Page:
.echo (Echo Comment)

The .echo command displays a comment string.

.echo String 
.echo "String" 


Specifies the text to display. You can also enclose String in quotation marks ("). Regardless of whether you use quotation marks, String can contain any number of spaces, commas, and single quotation marks ('). If you enclose String in quotation marks, it can include semicolons, but not additional quotation marks. If you do not enclose String in quotation marks, it can include quotation marks in any location except the first character, but it cannot include semicolons.



User mode, kernel mode


Live, crash dump




The .echo command causes the debugger to display String immediately after you enter the command.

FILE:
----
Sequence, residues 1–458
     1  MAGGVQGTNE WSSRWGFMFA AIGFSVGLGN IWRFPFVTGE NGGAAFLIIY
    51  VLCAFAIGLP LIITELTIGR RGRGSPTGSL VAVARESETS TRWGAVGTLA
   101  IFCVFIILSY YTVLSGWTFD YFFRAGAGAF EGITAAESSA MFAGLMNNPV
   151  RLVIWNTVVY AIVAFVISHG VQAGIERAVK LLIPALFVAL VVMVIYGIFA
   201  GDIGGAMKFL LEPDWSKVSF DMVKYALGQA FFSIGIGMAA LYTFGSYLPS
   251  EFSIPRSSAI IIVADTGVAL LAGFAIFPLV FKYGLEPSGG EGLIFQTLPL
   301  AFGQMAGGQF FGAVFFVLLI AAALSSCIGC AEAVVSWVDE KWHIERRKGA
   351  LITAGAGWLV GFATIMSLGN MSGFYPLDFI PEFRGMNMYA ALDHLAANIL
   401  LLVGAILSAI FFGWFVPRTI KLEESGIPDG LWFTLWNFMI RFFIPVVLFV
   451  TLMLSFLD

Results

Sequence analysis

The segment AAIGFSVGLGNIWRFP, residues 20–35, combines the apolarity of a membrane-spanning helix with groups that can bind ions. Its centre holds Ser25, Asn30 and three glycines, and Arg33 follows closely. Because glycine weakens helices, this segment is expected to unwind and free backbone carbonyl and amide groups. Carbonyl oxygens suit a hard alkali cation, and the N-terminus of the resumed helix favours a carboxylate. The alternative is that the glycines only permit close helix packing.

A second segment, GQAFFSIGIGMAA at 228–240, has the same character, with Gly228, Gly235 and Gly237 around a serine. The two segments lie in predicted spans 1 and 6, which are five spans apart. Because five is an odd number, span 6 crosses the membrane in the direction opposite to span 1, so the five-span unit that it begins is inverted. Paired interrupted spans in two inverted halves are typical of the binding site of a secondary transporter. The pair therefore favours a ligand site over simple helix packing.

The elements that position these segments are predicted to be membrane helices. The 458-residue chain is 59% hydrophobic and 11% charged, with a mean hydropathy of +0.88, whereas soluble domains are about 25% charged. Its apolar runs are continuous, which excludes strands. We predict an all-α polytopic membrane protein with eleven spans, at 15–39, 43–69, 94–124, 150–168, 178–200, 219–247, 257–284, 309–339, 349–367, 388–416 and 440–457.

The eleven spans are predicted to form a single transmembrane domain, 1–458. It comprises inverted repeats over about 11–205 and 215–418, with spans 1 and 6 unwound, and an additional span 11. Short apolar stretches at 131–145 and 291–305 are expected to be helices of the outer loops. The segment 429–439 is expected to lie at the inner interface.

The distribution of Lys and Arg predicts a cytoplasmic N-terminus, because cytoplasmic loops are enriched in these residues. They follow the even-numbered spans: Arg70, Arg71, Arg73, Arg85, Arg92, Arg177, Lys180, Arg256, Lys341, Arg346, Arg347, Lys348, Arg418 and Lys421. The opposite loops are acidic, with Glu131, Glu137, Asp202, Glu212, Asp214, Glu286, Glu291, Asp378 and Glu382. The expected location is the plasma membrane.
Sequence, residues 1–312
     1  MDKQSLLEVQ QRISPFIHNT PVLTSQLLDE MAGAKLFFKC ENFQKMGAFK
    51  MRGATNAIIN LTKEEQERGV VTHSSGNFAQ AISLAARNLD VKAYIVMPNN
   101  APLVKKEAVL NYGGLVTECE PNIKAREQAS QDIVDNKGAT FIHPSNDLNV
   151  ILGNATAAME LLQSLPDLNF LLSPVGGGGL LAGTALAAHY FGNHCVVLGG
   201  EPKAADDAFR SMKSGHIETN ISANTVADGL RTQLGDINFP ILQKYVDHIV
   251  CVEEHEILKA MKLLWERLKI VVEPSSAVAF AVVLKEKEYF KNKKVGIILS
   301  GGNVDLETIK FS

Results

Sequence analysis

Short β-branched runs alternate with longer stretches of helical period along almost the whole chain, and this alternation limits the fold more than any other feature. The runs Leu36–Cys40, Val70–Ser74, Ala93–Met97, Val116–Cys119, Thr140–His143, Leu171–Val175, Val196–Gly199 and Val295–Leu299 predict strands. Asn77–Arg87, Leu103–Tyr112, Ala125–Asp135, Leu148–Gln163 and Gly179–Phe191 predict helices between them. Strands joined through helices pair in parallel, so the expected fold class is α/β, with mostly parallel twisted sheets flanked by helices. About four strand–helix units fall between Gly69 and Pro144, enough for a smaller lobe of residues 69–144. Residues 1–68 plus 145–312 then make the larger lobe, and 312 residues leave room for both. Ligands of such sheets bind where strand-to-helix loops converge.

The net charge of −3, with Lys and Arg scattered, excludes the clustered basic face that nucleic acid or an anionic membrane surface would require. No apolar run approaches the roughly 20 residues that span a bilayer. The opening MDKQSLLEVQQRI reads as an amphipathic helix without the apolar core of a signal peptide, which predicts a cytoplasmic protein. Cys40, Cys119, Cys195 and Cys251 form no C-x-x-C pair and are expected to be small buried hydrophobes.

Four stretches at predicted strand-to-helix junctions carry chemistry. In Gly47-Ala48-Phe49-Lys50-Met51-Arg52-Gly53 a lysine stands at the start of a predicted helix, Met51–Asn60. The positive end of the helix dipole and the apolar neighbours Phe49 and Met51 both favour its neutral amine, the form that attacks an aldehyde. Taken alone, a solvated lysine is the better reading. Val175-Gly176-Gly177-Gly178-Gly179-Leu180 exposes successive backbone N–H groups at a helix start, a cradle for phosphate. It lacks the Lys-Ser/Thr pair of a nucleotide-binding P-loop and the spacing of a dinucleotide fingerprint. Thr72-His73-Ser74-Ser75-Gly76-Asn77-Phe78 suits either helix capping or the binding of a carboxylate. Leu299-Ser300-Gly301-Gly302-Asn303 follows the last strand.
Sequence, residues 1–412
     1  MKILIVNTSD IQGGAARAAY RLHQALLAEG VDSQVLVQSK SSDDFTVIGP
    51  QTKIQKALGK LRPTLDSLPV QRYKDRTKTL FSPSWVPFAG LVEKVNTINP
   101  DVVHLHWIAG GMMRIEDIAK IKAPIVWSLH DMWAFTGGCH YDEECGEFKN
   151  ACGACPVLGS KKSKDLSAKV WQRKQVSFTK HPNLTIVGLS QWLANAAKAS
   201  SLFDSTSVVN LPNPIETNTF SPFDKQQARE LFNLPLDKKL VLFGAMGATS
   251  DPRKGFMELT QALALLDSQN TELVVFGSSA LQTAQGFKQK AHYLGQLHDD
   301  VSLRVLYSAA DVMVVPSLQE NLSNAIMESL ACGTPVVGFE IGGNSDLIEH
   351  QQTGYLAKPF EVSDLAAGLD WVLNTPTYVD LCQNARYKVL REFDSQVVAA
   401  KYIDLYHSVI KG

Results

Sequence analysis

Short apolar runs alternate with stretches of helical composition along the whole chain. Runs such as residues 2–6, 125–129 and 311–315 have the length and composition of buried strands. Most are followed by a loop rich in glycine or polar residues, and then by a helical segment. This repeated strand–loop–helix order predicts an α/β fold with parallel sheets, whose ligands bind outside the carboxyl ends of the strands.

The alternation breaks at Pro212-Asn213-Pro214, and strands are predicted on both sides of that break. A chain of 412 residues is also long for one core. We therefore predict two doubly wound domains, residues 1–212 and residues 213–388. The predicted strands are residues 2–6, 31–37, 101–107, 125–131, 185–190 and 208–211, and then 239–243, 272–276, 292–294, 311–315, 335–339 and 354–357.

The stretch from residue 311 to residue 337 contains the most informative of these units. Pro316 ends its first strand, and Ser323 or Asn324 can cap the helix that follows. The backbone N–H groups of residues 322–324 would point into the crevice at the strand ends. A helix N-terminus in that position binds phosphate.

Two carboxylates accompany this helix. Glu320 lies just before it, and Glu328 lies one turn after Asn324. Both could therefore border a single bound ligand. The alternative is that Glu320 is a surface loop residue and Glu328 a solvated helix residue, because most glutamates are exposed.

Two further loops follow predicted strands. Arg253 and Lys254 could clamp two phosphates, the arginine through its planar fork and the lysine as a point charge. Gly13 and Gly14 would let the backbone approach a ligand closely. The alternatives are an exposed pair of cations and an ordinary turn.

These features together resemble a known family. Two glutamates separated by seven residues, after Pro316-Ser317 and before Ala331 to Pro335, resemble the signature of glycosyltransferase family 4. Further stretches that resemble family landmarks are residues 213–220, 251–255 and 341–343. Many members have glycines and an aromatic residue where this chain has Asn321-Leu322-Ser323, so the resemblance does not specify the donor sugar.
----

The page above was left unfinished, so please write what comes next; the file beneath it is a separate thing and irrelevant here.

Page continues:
An .echo command is ended if the debugger encounters a semicolon (unless the semicolon occurs within a quoted string). This restriction enables you to use .echo in complex constructions such as conditional breakpoints, as the following example shows.

0:000> bp `:143` "j (poi(MyVar)>5) '.echo MyVar Too Big'; '.echo MyVar Acceptable; gc' " 

The .echo command also provides an easy way for users of debugging servers and debugging clients to communicate with one another. For more information about this situation, see Controlling a Remote Debugging Session.

The .echo command differs from the $$ (Comment Specifier) token and the * (Comment Line Specifier) token, because these tokens cause the debugger to ignore the input text without displaying it.

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